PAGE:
COLUMBIA, S.C. — Prosecutors are not allowed to use information from a South Carolina man who was shot and identified his attacker from his hospital bed because the wounded man didn’t think he was dying when he made the statements, an appeals court ruled.

The man did die a few days later, and without his statements, prosecutors say they don’t have a case against the man they think shot him.

Solicitor Scarlett Wilson told The Post and Courier she will appeal this week’s decision because without the ID Davon Goodwin gave, she would have to drop the 6-year-old murder and armed robbery case in Charleston County.

Goodwin was alert but coughing up blood when he arrived at the hospital after being shot in April 2011, according to court records.

He underwent two surgeries, but was removed from intensive care three days after the shooting — the same day a detective asked him to identify the man who shot him from six photos, court records said.

Goodwin started physical therapy, but died unexpectedly five days later from a blood clot in his lungs, medical records show. The coroner ruled his death a homicide and a murder charge followed against Marvin Brown.

Prosecutors wanted to use Goodwin’s statement as what lawyers call a “dying declaration.” Dying declarations are a rare exception to court rules about hearsay that don’t allow someone to testify about what someone else said because defendants have the right to confront witnesses at trial.

But a key component to that exception is knowing death is imminent and the person making the statement “must be so fully aware of this as to be without any hope of life,” the appeals court ruled Wednesday in upholding a lower court judge’s decision.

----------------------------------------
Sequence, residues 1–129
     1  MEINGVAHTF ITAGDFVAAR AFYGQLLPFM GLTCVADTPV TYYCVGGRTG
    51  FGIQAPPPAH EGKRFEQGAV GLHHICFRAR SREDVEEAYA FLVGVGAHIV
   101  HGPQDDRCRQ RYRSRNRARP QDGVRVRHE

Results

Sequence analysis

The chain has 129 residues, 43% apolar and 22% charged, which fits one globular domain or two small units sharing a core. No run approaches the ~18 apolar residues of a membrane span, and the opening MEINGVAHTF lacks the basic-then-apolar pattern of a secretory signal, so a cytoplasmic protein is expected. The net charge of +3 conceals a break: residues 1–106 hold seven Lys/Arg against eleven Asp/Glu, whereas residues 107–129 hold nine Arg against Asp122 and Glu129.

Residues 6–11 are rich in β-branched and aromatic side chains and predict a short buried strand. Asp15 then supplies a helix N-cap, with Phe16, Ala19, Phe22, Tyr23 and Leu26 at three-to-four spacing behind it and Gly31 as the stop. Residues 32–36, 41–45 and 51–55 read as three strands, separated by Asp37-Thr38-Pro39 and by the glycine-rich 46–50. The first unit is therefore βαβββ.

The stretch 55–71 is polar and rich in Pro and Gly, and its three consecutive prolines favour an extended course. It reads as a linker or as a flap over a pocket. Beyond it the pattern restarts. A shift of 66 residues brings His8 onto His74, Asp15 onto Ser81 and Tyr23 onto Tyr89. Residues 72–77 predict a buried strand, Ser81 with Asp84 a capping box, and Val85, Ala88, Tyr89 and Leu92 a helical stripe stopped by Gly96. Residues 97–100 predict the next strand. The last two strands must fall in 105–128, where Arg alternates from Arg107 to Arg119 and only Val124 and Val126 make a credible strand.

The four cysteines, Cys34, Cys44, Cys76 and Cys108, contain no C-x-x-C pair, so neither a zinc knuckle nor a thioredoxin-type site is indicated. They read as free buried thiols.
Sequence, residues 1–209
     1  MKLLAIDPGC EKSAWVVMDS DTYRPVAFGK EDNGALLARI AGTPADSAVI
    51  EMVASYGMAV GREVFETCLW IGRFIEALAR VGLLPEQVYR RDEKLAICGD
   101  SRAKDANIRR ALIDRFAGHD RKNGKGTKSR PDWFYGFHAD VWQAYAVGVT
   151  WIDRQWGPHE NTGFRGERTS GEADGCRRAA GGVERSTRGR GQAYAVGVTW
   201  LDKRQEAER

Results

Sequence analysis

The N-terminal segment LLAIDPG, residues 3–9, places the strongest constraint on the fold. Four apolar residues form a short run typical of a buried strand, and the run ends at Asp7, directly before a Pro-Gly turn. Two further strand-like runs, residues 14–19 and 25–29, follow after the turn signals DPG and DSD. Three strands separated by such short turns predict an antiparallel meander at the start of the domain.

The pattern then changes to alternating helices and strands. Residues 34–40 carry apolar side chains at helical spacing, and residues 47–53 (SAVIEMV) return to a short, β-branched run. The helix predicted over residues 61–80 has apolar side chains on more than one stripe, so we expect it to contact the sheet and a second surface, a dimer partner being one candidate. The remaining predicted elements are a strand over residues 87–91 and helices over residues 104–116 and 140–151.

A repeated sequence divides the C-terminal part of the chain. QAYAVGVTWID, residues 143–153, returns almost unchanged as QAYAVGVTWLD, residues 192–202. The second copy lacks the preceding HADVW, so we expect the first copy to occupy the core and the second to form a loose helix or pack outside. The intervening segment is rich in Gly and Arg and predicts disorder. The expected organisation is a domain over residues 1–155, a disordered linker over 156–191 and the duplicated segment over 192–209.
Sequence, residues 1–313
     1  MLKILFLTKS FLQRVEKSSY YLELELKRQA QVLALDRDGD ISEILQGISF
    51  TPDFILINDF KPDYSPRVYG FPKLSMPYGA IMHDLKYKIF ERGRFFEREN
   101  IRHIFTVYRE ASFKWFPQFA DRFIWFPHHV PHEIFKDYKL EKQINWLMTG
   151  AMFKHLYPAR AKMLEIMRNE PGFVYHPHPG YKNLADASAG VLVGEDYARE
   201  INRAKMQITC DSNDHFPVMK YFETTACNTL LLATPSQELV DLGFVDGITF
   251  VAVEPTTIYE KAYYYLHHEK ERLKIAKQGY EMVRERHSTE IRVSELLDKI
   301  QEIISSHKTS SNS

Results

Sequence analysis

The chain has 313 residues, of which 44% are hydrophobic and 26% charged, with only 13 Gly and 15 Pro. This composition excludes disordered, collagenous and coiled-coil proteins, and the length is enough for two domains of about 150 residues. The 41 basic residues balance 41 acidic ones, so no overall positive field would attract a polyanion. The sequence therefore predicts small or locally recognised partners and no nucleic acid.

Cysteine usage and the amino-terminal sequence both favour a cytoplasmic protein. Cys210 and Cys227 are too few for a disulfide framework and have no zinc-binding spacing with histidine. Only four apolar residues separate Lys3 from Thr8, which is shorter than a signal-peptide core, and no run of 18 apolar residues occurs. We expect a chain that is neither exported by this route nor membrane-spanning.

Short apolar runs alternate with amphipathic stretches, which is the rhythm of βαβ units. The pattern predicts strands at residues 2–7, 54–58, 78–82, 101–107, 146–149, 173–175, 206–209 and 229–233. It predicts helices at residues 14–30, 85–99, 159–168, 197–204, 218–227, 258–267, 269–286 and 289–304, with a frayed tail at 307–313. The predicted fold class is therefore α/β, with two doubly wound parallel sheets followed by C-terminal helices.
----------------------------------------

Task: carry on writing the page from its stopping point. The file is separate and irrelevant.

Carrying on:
The court cited medical records showing Goodwin doing physical therapy and his family being told by doctors he should be able to return to school or work, and the fact that Goodwin identified his killer after questioning, not spontaneously.

The appeals court mentioned a 2001 case in Berkeley County where dying words were allowed in a murder case that led to a life sentence. A woman who suffered a deep cut to her neck identified the first two letters of her killer’s first name by nodding as a nurse recited the alphabet. The woman also shook her head “no” at the nurse who told her she was going to be fine and then lost consciousness, according to court records.

In Goodwin’s case, Goodwin’s identification, she may not have a case.

“We knew our initial appeal was an uphill battle but still believed it to be a worthy effort,” Wilson said.

Brown remains out on bail.


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Information from: The Post and Courier, http://www.postandcourier.com

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JEFFREY COLLINS
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